No doubt about it - tax evasion isn't a sexy subject. But there is a lot of attention on what will happen at an EU meeting next week which will decide how much major tech firms will be paying in tax going forward.
Companies such as Facebook, Google, Apple, Microsoft and others are all in the firing line. It's also expected that some of these companies could pass on this new cost to consumers.
So why introduce these new taxes at all?
It's mostly about alleged tax evasion. The EU Commission - the legislative body - is trying to tackle the issue of major tech firms registering in low-cost tax countries such as Ireland and Luxembourg. The result is that they are paying a relatively small annual corporate tax compared to most other countries. The resulting belief is that they are evading taxes.
Perhaps the biggest case on this recently was about Apple, who was told in 2014 that it has been dodging taxes in Europe, and that it is obliged to pay €13 billion to the Irish government in unpaid taxes. Apple has it's EU headquarters in Ireland so that is where it is claimed it avoided 'fair tax'. The Irish government response was disagreement, not following the EU decision which resulted in an EU court threat, finally resulting in the government reluctantly collecting the taxes.
Currently, tech firms in Europe pay taxes according to the tax rules of the country they are based in. Many major tech firms have chosen Ireland as their EU headquarters including: Apple, Google, Facebook, LinkedIn, Microsoft and others. The low corporate tax rate of 12.5% has become an irritation for the EU, who believes that corporate tax is being dodged.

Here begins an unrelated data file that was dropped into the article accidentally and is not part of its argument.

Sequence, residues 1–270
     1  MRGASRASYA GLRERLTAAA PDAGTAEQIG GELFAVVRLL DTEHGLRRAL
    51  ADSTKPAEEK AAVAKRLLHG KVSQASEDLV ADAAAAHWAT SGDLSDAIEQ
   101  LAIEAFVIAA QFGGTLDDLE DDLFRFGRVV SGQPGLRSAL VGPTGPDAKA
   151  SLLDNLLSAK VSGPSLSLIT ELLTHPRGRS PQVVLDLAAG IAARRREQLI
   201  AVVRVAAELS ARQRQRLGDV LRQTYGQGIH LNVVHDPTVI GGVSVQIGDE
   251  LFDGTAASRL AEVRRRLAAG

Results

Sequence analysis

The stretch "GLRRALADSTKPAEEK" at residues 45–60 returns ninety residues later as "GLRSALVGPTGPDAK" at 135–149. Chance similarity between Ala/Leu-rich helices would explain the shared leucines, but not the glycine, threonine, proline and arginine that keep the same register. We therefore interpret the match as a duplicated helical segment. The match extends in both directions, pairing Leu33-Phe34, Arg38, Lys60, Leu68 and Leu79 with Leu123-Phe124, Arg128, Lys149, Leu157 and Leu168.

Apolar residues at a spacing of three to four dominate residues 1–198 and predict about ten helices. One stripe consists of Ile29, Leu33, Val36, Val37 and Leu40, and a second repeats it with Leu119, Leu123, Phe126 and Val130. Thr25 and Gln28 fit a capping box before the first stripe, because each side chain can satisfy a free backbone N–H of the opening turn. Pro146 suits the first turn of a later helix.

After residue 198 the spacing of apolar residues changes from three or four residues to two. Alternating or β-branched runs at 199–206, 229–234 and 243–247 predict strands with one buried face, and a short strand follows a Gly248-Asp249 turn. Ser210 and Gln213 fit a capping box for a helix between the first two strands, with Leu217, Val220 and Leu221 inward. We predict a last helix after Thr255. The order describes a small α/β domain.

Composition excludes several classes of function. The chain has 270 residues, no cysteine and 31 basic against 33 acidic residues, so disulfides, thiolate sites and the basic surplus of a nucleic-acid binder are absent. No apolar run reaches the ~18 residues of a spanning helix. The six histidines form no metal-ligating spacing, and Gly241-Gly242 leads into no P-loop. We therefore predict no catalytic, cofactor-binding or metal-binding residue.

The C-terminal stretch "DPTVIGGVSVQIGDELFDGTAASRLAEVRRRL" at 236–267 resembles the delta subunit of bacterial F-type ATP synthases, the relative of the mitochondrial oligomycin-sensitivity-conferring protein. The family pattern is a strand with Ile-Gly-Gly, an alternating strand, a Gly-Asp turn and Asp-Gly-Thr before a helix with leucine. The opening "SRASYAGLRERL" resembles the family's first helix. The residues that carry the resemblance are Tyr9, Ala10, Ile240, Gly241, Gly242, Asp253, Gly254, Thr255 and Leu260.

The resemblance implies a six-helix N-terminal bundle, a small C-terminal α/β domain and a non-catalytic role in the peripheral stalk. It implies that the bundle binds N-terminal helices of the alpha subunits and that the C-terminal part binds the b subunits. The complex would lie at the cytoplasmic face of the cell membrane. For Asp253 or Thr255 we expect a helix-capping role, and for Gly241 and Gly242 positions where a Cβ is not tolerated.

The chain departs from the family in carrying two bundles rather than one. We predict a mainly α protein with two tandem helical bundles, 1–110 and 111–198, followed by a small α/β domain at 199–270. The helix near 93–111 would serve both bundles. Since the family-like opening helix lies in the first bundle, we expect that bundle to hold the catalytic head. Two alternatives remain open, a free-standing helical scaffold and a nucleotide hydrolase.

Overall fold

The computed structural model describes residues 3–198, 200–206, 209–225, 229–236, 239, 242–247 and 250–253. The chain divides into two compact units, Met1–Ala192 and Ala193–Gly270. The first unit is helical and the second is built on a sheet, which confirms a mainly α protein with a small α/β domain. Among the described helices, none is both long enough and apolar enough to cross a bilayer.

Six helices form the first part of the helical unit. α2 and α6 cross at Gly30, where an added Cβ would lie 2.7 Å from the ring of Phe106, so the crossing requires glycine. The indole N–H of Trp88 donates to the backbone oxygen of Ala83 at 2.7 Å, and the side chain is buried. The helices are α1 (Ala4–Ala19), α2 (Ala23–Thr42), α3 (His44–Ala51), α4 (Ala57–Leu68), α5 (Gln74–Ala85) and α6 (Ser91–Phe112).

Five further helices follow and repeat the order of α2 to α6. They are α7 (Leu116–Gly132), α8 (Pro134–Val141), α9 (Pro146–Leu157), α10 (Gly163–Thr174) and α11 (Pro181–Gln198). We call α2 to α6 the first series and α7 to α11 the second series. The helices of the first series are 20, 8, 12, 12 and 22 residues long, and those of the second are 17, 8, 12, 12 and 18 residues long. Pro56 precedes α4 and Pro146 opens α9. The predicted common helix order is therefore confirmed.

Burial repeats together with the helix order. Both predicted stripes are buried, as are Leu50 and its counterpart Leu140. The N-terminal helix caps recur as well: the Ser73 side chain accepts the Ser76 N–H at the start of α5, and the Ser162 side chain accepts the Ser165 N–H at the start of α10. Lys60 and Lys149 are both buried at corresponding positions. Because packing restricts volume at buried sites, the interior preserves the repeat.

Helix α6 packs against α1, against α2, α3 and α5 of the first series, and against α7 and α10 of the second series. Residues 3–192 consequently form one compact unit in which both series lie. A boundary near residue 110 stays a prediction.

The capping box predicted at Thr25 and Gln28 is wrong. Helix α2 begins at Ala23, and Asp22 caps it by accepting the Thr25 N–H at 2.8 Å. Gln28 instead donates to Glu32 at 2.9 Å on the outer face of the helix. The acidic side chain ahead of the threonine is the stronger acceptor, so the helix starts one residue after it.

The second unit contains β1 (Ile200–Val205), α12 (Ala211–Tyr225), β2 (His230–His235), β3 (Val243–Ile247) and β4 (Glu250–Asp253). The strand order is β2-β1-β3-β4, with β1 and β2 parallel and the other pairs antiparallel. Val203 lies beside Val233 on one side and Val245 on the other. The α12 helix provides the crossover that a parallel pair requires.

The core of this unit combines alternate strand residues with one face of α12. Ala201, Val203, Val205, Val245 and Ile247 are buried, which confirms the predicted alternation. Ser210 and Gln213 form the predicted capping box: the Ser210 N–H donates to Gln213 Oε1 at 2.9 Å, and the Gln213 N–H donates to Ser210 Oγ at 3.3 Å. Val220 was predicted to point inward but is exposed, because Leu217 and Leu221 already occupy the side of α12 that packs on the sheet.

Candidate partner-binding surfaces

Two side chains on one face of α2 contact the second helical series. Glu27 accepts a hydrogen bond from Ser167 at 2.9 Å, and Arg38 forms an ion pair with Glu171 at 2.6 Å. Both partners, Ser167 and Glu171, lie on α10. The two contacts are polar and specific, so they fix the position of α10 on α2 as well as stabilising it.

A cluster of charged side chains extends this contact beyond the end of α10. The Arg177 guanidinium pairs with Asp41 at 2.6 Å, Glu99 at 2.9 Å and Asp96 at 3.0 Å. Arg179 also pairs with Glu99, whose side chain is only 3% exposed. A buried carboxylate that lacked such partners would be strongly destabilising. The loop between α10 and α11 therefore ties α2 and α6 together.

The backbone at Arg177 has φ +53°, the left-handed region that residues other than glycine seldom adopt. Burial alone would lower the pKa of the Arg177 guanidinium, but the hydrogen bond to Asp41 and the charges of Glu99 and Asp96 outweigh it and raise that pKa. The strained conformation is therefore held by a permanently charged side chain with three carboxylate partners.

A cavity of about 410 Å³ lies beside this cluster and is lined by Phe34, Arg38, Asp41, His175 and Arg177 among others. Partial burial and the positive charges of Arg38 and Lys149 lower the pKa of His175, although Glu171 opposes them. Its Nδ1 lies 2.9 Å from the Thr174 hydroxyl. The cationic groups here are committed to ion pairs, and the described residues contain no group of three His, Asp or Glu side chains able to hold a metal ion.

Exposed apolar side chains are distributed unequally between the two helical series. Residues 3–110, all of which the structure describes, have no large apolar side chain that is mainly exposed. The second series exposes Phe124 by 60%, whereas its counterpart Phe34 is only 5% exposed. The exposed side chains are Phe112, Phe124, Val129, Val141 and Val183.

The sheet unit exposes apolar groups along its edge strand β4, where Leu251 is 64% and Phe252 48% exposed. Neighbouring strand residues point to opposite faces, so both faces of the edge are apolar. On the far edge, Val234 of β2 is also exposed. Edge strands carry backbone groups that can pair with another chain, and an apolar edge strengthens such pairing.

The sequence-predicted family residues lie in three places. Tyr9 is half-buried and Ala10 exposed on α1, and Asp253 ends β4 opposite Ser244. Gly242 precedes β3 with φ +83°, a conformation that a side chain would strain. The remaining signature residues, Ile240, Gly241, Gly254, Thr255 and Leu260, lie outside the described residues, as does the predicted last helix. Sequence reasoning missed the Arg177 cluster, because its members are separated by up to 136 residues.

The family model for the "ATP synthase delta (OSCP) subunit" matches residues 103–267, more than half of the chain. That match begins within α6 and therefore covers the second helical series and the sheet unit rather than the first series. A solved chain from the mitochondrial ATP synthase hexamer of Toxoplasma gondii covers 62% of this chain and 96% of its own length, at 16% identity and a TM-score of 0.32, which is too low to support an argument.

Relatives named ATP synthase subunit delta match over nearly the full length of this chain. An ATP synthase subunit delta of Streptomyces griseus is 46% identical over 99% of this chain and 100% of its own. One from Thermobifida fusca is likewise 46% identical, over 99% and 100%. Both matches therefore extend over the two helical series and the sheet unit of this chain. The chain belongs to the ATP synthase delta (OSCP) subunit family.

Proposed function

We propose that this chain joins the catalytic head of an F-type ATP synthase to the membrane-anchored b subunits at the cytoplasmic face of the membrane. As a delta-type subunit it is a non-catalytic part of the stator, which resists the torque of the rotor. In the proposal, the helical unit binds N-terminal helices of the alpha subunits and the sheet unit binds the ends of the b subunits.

Another major aspect is about tech companies who use user data to make use of targeted advertising. Facebook, Twitter among others are being considered by EU officials. Related to this, a German court ruled last month that Facebook was misleading consumers by calling it's service free, when it actually monetises user data.
Exactly what is the EU proposing?
There is a short-term solution and a long-term one. The long-term plan is expected to take time and is far from finalised, which would require tech companies to pay tax where profits are earned, not their tax residence. The short-term plan is to implement a turnover levy affecting companies who convert user data into advertising. These companies would now be charged between 1-5% of turnover, according to an anonymous EU official who told Bloomberg Tax. This is intended to be put into effect as quickly as possible.
EU leaders are expected to discuss the proposal at a meeting in Brussels on March 22nd. Expect fireworks between leaders of countries who support and oppose the plans.